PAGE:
Human-oocyte to blastocyst.jpg

Human blastocyst day 1-6.jpg

Movie shows in vitro development of a human morula to blastocyst stage occurring between day 3 and day 6 post-fertilization.

<html5media height="470" width="500">File:Human_blastocyst_day_3-6.mp4</html5media>

Click Here to play on mobile device

Timing shown below are "movie times" not the "developmental days".

00:00 day 3 - Initially a solid mass of cells morula stage enclosed by the zona pellucida.

00:18 day 4 - blastocoel formation

00:22 - inner cell mass (embryoblast)

00:29 - maximal expansion of blastocyst in ZP

00:31 - contraction

00:32 - re-expansion

00:37 day 5 - contraction

00:38 - re-expansion

00:39 - contraction (collapse)

00:40 - re-expansion (blastocoel enlargement)

00:41 - commence blastocyst hatching (1 o'clock position)

00:44 day 6 - complete hatching, blastocyst expansion (inner cell mass 2 o'clock position)

00:47 - trophoblast layer thickens

00:53 movie finishes

Blastocyst Hatching

By the end of the first week the blastocyst now consists of a ball of cells containing a large hollow fluid-filled (blastoceol) space.

Trophoblast Layer - Continued expansion of the blastoceol and cell division has led to the single layer of cells located at the periphery now being pressed against the inflexible zona pellucida wall and becoming flattened (squamous). This peripheral layer of cells is now called the trophoblast layer. Later in development this later will be involved in implantation and form part of the placenta.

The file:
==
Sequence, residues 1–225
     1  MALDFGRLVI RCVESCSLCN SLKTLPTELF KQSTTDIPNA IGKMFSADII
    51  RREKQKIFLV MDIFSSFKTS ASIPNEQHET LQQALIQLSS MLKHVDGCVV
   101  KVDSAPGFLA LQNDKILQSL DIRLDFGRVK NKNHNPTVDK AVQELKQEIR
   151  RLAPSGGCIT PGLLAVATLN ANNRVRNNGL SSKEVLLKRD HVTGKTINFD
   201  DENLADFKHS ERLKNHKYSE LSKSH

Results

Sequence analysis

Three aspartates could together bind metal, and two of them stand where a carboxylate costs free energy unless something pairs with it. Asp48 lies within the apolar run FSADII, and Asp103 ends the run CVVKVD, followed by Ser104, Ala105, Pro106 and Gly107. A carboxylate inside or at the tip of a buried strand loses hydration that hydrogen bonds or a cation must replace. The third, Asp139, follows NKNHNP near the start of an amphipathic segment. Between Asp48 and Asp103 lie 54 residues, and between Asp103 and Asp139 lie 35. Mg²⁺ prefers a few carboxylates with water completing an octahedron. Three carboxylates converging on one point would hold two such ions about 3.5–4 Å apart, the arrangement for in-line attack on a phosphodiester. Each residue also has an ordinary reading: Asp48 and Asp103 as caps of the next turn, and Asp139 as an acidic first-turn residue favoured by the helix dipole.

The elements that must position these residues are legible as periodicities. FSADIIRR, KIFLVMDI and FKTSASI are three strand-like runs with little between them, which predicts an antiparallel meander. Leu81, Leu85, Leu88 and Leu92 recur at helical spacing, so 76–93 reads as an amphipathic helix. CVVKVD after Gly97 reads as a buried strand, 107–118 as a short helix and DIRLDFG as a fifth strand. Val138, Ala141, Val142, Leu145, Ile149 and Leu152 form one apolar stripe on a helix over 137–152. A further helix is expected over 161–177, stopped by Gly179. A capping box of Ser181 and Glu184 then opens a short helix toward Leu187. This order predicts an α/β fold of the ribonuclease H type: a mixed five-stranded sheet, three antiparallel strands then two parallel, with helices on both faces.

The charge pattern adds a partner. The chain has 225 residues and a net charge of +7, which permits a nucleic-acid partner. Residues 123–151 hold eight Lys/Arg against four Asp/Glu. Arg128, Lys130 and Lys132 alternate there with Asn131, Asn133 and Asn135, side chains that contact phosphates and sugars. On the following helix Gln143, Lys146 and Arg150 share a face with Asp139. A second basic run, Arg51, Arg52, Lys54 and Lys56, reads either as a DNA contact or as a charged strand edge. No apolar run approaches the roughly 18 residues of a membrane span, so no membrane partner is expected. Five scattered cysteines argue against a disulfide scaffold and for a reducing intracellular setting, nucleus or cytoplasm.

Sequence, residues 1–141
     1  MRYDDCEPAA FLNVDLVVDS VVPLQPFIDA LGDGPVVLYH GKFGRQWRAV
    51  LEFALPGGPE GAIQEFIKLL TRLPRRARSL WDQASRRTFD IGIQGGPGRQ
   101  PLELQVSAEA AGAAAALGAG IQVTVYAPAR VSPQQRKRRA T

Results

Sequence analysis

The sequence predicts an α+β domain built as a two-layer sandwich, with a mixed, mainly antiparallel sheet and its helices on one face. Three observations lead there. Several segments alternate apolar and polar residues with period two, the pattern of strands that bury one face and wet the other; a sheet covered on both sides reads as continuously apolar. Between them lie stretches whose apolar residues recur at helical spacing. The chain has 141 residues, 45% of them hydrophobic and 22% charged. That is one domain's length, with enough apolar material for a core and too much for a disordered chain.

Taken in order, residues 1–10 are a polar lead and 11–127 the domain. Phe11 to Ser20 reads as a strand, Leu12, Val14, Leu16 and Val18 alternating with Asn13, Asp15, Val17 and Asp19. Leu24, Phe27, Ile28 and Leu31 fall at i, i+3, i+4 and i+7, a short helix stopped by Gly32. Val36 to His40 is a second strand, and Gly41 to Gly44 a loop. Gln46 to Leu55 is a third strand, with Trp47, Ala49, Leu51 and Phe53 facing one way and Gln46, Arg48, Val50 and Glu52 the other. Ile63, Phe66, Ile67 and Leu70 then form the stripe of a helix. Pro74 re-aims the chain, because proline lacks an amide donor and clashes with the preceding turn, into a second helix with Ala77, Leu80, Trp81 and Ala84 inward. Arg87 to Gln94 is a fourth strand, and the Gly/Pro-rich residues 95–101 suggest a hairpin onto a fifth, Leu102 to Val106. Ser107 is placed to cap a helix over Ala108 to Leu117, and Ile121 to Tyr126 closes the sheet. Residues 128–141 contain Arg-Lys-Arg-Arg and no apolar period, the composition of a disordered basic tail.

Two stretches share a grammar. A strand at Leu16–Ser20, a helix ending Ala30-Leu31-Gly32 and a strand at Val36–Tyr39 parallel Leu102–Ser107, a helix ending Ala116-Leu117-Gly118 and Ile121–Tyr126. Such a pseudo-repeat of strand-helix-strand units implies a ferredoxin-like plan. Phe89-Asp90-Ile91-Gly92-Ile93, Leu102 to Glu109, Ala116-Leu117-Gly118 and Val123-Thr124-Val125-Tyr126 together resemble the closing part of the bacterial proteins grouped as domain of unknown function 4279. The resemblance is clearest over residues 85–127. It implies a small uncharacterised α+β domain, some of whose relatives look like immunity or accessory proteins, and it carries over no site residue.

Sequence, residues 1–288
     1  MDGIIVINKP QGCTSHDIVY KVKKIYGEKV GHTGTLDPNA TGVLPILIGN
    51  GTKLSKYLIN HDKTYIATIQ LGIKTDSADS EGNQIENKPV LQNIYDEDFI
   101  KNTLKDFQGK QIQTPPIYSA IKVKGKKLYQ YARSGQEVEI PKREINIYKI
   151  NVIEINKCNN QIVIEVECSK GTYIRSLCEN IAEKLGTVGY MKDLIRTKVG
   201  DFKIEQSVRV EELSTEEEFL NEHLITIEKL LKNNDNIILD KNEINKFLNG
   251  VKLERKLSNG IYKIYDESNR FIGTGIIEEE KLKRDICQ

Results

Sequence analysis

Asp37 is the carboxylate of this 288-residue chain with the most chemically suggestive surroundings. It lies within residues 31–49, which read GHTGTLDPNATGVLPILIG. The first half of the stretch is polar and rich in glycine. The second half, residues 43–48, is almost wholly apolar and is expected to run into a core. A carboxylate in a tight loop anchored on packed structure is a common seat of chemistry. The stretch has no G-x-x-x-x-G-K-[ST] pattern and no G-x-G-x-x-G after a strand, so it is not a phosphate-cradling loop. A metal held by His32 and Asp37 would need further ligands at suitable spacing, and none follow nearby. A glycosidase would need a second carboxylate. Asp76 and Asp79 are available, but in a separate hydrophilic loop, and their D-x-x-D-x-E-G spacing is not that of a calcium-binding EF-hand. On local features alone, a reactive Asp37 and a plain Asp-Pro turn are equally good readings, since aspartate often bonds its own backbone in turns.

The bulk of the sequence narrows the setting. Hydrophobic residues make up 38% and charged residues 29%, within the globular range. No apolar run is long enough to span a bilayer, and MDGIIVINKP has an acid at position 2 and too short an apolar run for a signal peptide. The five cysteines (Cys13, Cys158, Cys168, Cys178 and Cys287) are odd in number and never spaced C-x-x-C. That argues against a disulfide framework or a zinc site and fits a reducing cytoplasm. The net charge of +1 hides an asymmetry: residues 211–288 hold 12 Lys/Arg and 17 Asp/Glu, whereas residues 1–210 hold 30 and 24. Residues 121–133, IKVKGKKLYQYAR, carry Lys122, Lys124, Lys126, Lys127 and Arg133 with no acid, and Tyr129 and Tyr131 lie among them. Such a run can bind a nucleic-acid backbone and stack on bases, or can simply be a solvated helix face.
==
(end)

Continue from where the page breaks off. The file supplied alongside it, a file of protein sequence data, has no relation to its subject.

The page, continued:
Inner Cell Mass - On one wall of the blastoceol there is present a second layer of non-flattened cells. These inner cells are called the inner cell mass. Later in development from this layer the embryo will be formed.

Hatching - a combination of lysins (from the blastocyst or the uterus) and physical expansion, reduces the thickness and weakens the zona pelludica wall in preparation for hatching. Typically the blastocyst will hatch through a small opening (potentially at the site of fertilization) in the zona pellucida. The blastocyst is now ready to begin implantation.

Assisted Hatching - in vitro fertilization techniques use zona thinning, zona drilling, zona slitting or laser-assisted hatching to help blastocyst hatching and increase the probability of implantation occurring.